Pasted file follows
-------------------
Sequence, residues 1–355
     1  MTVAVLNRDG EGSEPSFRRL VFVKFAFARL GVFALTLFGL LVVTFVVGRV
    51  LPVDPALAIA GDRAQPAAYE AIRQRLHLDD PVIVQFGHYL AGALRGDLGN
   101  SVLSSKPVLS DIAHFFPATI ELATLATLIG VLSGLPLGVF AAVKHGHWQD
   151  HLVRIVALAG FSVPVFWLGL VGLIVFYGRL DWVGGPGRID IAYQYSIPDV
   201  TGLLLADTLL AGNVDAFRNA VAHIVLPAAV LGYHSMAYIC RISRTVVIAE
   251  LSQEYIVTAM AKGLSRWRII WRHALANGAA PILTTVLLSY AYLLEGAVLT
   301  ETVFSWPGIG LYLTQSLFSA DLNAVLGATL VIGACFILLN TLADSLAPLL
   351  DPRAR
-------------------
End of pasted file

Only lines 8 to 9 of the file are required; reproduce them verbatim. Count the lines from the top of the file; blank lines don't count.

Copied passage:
   301  ETVFSWPGIG LYLTQSLFSA DLNAVLGATL VIGACFILLN TLADSLAPLL
   351  DPRAR